According to court documents, Barroway alleges the two sides had a “handshake” agreement to purchase the team at that price, but Wang pulled the offer off the table only to return months later asking for $548 million for the team, to which Barroway refused to pay. Wang then told him he sold the team to another party on Aug. 1.
The source of Wang’s angst and change of mind on the price? The Los Angeles Clippers. From the Daily News:
“Wang was having seller’s remorse,” the court papers say, “because he believed he had agreed to sell the Islanders for a price too low after hearing the unrelated news that a $2 billion bid was place to purchase” the Clippers.
It seems that even when things are going well over the summer for the Islanders, there’s always something new to pop up and become a distraction. This time it may prove to be a costly one for the owner.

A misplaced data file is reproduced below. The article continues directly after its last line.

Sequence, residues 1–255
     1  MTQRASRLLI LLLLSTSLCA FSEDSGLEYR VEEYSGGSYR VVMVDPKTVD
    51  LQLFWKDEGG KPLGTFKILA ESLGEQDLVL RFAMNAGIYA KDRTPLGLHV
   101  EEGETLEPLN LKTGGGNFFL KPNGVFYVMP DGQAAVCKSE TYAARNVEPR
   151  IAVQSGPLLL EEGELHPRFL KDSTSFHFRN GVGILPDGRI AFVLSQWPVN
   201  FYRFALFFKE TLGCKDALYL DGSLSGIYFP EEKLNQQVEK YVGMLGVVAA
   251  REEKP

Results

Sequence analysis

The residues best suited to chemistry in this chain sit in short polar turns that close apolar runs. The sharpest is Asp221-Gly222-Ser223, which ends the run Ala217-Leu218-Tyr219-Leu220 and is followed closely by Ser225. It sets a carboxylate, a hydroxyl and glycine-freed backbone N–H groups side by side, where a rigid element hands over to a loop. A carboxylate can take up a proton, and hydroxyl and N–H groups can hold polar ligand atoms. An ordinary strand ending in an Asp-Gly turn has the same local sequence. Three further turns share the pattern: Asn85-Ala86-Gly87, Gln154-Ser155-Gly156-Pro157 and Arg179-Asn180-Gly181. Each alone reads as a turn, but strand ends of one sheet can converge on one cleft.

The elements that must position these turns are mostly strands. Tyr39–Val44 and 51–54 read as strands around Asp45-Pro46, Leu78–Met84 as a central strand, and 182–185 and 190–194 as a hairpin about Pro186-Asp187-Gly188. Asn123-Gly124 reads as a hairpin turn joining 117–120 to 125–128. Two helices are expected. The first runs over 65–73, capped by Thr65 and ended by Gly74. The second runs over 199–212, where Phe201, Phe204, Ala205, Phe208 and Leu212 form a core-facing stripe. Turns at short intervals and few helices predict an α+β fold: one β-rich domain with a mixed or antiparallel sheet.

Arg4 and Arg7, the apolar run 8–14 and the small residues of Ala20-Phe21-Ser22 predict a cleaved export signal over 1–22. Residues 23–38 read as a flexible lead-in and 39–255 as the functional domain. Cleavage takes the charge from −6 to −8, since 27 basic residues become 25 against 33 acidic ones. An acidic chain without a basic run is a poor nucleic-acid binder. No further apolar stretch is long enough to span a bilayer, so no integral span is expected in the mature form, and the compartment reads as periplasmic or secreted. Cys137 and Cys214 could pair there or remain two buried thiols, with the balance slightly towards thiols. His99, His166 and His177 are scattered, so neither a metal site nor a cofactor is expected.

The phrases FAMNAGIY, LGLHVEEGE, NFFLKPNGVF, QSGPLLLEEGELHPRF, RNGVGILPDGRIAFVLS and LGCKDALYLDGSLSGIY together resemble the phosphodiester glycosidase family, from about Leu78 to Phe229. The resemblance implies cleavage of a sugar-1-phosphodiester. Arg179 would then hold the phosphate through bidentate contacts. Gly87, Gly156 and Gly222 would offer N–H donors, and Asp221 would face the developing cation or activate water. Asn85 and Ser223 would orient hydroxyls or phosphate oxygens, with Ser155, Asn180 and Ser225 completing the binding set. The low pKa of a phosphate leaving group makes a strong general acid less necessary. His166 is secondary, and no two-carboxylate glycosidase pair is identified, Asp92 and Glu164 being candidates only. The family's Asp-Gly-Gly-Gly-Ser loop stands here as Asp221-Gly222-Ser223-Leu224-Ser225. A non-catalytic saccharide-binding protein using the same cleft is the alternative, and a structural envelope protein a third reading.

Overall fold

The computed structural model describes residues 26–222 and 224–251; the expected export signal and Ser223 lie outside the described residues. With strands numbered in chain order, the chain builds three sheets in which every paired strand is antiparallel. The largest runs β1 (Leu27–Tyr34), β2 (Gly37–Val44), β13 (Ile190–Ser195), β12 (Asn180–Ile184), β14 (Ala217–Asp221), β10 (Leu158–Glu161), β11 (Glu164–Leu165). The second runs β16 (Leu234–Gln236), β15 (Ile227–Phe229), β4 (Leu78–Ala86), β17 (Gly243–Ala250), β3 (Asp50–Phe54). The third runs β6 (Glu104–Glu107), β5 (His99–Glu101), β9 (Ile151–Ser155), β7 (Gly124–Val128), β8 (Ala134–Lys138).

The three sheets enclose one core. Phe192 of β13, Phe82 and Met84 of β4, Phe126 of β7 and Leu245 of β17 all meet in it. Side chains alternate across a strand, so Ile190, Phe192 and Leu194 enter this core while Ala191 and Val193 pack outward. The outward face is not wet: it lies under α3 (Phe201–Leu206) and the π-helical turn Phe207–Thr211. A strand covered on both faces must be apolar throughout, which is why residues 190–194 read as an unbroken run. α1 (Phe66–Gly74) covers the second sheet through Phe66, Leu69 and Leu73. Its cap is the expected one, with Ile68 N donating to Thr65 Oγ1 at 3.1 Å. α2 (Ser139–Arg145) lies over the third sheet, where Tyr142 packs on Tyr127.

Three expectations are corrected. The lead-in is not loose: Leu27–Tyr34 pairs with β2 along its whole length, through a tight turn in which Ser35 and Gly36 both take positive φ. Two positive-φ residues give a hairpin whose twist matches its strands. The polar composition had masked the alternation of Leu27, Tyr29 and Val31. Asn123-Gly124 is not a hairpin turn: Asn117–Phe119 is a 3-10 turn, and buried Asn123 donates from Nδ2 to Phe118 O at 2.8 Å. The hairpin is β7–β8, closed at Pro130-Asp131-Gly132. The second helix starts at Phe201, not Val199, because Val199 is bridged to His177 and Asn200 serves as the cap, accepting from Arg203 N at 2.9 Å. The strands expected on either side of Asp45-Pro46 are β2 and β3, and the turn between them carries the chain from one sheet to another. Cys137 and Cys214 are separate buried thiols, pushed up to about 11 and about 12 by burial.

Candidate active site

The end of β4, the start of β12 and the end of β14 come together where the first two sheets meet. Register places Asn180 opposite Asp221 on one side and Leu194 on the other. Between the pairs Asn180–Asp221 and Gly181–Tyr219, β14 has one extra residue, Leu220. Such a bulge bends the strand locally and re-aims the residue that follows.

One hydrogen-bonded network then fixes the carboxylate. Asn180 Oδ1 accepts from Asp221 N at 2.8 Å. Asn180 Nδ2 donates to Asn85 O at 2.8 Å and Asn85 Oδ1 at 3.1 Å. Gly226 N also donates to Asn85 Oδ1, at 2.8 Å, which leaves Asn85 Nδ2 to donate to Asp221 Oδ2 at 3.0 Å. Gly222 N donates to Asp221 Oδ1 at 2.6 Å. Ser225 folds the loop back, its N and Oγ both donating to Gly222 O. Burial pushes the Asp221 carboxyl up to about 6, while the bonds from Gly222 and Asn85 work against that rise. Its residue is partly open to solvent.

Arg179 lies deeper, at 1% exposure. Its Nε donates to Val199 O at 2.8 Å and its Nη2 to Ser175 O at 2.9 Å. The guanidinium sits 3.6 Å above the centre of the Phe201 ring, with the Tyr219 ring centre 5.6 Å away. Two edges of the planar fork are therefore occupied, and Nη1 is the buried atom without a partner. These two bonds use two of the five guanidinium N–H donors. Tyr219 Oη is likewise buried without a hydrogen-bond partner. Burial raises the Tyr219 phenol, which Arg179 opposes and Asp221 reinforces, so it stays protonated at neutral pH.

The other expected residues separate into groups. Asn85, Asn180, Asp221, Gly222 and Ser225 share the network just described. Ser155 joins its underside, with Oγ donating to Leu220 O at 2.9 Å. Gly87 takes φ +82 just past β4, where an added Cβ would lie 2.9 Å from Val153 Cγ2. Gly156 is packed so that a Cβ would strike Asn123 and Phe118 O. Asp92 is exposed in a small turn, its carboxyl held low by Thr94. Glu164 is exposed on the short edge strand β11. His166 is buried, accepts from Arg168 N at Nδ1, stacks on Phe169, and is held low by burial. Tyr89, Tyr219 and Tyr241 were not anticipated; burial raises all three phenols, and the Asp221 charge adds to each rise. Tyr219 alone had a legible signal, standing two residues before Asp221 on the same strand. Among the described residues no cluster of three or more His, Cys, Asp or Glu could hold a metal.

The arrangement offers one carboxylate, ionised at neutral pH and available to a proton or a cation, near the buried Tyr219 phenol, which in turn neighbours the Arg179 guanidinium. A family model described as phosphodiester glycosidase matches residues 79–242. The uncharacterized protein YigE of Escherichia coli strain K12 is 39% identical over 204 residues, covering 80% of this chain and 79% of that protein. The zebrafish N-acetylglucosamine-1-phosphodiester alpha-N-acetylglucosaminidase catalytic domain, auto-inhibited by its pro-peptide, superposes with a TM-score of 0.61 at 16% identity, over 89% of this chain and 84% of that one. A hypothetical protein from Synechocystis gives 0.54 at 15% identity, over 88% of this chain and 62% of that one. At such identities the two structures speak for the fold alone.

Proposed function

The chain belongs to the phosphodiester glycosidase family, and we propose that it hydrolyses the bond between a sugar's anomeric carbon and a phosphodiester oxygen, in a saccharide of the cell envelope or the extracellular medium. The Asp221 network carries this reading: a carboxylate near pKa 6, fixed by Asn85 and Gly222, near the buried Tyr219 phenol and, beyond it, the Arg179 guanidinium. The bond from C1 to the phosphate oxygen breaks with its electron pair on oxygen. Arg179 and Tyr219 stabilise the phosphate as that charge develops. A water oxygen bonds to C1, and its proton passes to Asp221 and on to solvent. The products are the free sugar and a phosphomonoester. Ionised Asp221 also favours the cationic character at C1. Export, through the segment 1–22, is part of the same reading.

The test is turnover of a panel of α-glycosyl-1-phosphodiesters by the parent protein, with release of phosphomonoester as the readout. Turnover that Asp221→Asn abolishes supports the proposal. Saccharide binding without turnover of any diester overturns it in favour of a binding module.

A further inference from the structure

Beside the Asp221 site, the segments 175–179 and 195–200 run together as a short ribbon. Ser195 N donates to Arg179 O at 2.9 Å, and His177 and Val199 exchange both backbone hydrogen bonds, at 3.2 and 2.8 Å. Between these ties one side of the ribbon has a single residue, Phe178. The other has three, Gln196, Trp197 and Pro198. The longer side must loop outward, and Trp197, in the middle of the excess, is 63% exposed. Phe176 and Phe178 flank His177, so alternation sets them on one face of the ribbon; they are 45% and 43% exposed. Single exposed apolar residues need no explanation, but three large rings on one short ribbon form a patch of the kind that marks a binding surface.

“Nope,” Dubinsky said. “You know, I’ve played the same way my whole career and I’m not going to change. The next time I have an opportunity to play (Crosby), I’m going to play him hard.”
In case you’re wondering, that next opportunity comes on Dec. 21 in Pittsburgh, assuming that both players are healthy and not suspended.
One can understand Dubinsky’s perspective, although such honesty would be that much more interesting if there’s another incident with Crosby. His initial reaction to the hit was interestingly candid, admitting that his “stick rode up” on his adversary.
Would that stance – which, from a harsher view, might seem flippant to Dubinsky’s critics – open the door for a bigger future bit of a discipline?
Maybe, maybe not … but at least his comments aren’t as inflammatory as what John Tortorella said (at least on the record).
Bad news for Boedker: Coyotes won’t face Sens again in 2015-16